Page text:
Northland Residents with Ukraine Connections React to Russia Invasion

DULUTH, Minn. –

The events in Ukraine since late Wednesday evening have people who have connections to the country concerned about its future, and the current health and safety of people they know and love.

“(Wednesday) night it was horrible,” says Liliya Kacharova, a lab chemistry professor at the College of St. Scholastica and chemistry teacher at Lake Superior College, “because we all hoped that the war would never start, even that we knew that Russia was preparing, but we still have hope.  Like everyone was shocked.”

Kacharova has her parents, brothers, cousins, aunts, in-laws, and friends who live in the country.  After losing touch with them Wednesday night, she was able to hear from them Thursday and found out they are safe.  Their moods are mixed about how this will all end.  “Some people are really brave, that they are sure that Ukraine will win.  Some are trying to move, especially from big cities, to some smaller place or just move to Poland or Spain, somewhere.  No panic; everything is controlled. Government is working, so, so far it’s not the worst.”

Kacharova has heard from some of her Russian friends who have apologized for the actions taken by President Vladimir Putin.  “I just can see in the news the Russian people are starting to protest against the war with Ukraine, so at least they are doing something.  But (they say), I don’t know what to tell you so just stay with us because people are very thankful in Ukraine for all the support.  So that’s important for them.”

Natalie Belskydenzler, an assistance professor of history at UMD, says her parents and one grandparent are from Ukraine, and talked to them Thursday after the invasion began.  Overall, she and others are surprised the sabre rattling actually led to action.  “We’ve seen the aggression over the past weeks, and we would in some ways kind of prepared for it.  But even still seeing that footage (Wednesday) night people said ‘I thought I was ready.  I knew this was a possibility, but I didn’t think it would hit me quite so hard.’”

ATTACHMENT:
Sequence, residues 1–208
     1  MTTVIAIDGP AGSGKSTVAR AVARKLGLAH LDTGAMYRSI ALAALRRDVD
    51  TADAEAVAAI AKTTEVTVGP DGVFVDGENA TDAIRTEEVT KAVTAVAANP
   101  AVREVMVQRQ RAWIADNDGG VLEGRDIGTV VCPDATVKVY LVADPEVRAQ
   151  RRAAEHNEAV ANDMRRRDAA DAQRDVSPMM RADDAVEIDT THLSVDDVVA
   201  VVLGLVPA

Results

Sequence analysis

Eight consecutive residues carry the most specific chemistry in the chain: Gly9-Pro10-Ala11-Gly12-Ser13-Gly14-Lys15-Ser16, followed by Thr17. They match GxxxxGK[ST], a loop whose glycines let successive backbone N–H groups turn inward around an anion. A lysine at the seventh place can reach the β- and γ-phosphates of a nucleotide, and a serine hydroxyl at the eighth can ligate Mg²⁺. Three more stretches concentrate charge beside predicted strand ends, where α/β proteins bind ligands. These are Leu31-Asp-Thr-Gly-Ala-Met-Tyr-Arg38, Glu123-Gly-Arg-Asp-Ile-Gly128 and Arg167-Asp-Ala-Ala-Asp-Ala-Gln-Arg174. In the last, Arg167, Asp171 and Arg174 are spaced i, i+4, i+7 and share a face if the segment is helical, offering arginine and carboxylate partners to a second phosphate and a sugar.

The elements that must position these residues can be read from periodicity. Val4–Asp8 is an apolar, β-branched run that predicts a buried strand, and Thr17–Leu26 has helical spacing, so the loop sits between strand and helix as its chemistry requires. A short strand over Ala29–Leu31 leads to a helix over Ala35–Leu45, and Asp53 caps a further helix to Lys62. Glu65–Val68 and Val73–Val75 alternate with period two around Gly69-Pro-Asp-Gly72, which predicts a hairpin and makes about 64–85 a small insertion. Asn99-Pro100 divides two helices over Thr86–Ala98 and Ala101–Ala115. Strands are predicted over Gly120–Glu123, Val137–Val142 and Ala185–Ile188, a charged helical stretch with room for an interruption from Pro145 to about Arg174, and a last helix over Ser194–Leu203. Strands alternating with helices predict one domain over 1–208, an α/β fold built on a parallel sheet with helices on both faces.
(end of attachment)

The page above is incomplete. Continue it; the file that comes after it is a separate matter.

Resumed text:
Belskydenzler says the justification Putin is using for the invasion has been in the works over the past decade as he tries to rewrite history, even literally writing essays to justify his beliefs about Ukraine.  “The fact that Putin does that tells us just how important he thinks it is to put forward this narrative of history, and this is something that he’s been doing for quite some time.” She sees two narratives:

The first is falsely claiming Russia created Ukraine when the USSR was formed back in the early 20th century, and thus Russia can end its existence by annexing it back.  Belskydenzler says while the two nations have similarities, Ukraine nationality that is different from Russia nationality has been around long before this and can justify having its own nation state.  “And it is also an extremely foreboding narrative if we think about the potential to expand that narrative to other parts of the post-Soviet space; if Putin is trying to recreate the borders of the Russian empire before the First World War”

The second is the claim that Russia is trying to de-Nazify Ukraine, believing that because several leaders back during World War Two supported the Nazi Party, the national government today is Nazi-like and needs to be eradicated.  “This is a very powerful tool in Russia,” says Belskydenzler, “where the legacy of the Second World War is very strong, and people derive a lot of pride from Russia’s role in the victory over Hitler.  And this is a powerful tool to kind of explain to people and to justify to people these aggressive actions on the part of the Russian regime.”

Overall, both professors are not sure what will happen next.  “It’s not clear what the end game is, and how this is going to play out” says Belskydenzler.  “It seems a huge risk on Putin’s part, and even though he is an aggressive and violent dictator, it seems poorly thought out and an irrational move, but that’s where we are at.”

Categories: Community, News – Latest News, Video